Manufacturers have gone beyond codes in attempts to enhance bleacher safety.
Clearly, the shoring up of international building codes relating to bleacher design and installation has kept that figure from climbing higher. Standards now exist for such bleacher details as the height of side and back rails (42 inches from the adjacent seat board), aisle widths (48 inches), and the gaps between hard-to-climb rail "pickets" and between floor and seat boards (narrower than would allow passage of a 4-inch-diameter ball, roughly the size of an infant's head).
But suppliers of bleachers and other gymnasium components have taken safety a step further, going beyond the code language to help mitigate injury risk with specialized bleacher accessories and innovations. The bleacher enclosure, for one, has gained increasing popularity among athletic directors within the past five years. "I deal with ADs all the time, and that was one of their needs - to have a product that could close off bleachers to keep kids out from underneath for liability and vandalism reasons, yet not be a pain for the custodians to put up and take down after every game," says Patrick Conlon, president of wall pad manufacturer SportsGraphics Inc., which markets customizable enclosures. "I've had numerous people tell me kids get under there and step on the brakes and bend them, and then the bleachers go in cockeyed and it's a big mess."
Bleacher enclosures are available either as heavy-gauge nylon curtains or collapsible wood walls with lockable access doors. In either form, they attach to the bleacher system and move in and out with its telescoping motion.
"Vinyl is a great deterrent, I'm all for it, and we sell it and install it for our customers where requested," says Terry O'Hagan, vice president of operations for BR Bleachers. "The upside to it is it's cost-effective. The solid panels are more costly, but they are going to provide greater safety insofar as there's less possibility of somebody getting under there."
Not everyone is as open to the enclosure concept, however, according to H & H Enterprises vice president of sales Tim Philippart, who sees "serious interest" in enclosures among "only 3 to 5 percent" of his company's clients. "They're concerned about people going behind those curtains," Philippart says. "People can slip behind them with a little bit of effort, and then they can't be seen underneath when the bleachers are being closed. There's a thought that it might actually be a greater hazard than not having them there at all."
Reg Tharp, national sales manager for Irwin Telescopic Seating, sees benefits to having a barrier (his company, like H & H, offers them), but only if due diligence is exercised during bleacher operation. "It's a good feature, but it also brings in another element of surprise," Tharp says. "If there is a chair, a ball, a child under there, you have a potential situation." Checking underneath bleachers for obstructions prior to closing is critical, adds Tharp, who says the task can sometimes equate to "trying to find a black cat in a coal mine."
Other products now exist to keep telescopic bleachers safe once they are in the closed position. Bleacher aisles tend to form a ladder-like face when stacked vertically, which may tempt children to scale that part of the bleacher system to retrieve an errant ball lodged on the top row or simply for the challenge of it. Vinyl covers attached to stacked bleachers help mitigate that risk. In addition, top-row bleacher covers help remove climbing incentive by repelling balls back to court level.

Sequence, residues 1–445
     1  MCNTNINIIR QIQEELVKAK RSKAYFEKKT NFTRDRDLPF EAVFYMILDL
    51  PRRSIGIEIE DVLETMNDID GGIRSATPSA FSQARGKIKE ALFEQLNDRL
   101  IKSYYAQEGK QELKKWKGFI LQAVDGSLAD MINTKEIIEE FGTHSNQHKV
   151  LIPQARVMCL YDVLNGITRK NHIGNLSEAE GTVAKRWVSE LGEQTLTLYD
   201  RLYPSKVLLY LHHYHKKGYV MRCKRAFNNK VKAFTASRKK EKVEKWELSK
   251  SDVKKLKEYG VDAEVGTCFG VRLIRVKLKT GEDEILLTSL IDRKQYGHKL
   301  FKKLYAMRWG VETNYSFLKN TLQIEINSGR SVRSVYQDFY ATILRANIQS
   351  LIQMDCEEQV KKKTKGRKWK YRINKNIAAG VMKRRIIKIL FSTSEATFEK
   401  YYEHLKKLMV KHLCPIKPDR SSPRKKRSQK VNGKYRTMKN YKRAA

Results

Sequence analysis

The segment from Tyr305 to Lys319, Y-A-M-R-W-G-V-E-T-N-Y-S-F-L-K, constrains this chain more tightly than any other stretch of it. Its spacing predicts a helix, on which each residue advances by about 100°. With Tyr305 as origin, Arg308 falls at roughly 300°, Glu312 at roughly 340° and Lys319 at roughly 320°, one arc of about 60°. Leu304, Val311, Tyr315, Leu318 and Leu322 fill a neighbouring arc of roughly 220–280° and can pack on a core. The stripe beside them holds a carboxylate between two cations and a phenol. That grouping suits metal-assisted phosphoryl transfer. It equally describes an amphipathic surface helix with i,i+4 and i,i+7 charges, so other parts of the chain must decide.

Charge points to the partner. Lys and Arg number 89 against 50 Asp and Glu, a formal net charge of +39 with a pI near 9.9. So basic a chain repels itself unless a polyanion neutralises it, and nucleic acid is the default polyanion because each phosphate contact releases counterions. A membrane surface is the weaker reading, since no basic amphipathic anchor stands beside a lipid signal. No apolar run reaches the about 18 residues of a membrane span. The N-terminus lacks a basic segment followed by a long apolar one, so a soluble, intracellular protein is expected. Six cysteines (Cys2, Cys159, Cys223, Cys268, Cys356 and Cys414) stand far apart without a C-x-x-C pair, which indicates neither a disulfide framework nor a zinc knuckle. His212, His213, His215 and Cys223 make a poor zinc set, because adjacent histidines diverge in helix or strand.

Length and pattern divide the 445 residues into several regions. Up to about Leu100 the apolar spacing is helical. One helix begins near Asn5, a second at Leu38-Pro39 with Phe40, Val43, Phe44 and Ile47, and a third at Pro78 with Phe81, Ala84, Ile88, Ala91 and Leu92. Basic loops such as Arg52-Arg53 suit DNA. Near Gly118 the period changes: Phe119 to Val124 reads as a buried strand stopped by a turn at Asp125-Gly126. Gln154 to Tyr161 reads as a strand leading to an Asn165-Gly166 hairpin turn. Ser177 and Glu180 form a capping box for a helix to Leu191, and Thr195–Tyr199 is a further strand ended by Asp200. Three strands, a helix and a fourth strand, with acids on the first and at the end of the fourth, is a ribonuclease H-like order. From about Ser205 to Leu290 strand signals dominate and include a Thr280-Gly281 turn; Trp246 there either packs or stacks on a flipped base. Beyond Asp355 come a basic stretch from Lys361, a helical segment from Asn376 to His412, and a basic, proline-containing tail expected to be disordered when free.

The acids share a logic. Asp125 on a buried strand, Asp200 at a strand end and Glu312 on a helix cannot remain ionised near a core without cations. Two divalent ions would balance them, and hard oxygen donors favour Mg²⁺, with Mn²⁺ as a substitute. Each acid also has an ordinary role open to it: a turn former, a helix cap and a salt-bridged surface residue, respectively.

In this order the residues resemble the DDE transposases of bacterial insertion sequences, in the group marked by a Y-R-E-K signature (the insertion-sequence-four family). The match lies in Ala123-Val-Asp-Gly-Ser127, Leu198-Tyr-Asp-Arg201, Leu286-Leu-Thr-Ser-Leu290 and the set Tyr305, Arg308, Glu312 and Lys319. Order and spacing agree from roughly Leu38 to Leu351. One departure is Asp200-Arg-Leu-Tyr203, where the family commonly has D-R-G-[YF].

Aisles may also feature a handrail that folds with the system, yet protrudes from the stack to form a potential hazard. "Most schools push the bleachers in and practice side to side on two courts, in which case players are running right at the bleacher with those big iron handrails sticking out," says SportsGraphics' Conlon. "We make a pad that slips over those. It covers the width of the aisle, so it's 4 feet wide and 6 feet high, and acts like a wall pad."
Aisle handrails have also seen great safety strides. Long required by code, handrails on many existing bleacher models must be removed and stored or laid on the bleacher decking before a bleacher system can be closed. The heavy, cumbersome rails often lend themselves to safety shortcuts. "Our own local high school had 16 rows of bleachers with the rails in the closet, and they would never bring them out," says Kevin Hemler, national sales manager for bleacher manufacturer Interkal. "A lot of schools still do that."
Beginning five years ago, rail designs that fold with the bleachers and reemerge in their ready position have eliminated excess labor and ensured that the rails are in place during all events. "They're always there, ready for the patron to use," says Irwin's Tharp. "That's been one of the most significant safety features developed in some time."
Sometimes bleacher safety awareness is heightened in unexpected ways. Six-year-old Jarod Bennett was killed in 2003 when a cafeteria table fell on him during an after-school program, resulting in legislation enacted last year that mandates annual K-12 school safety inspections throughout Ohio. "That has probably been the most significant safety-related issue in the past five years," says Philippart, whose company conducts bleacher inspections. "And I really anticipate that other states are going to follow suit in having laws enacted that are similar to Jarod's Law."
Bleacher design has come a long way in the past decade, but schools and states take safety for granted at their own peril. "We just expect bleachers to work, and don't think much about them," says O'Hagan. "But there are more problems out there than people realize."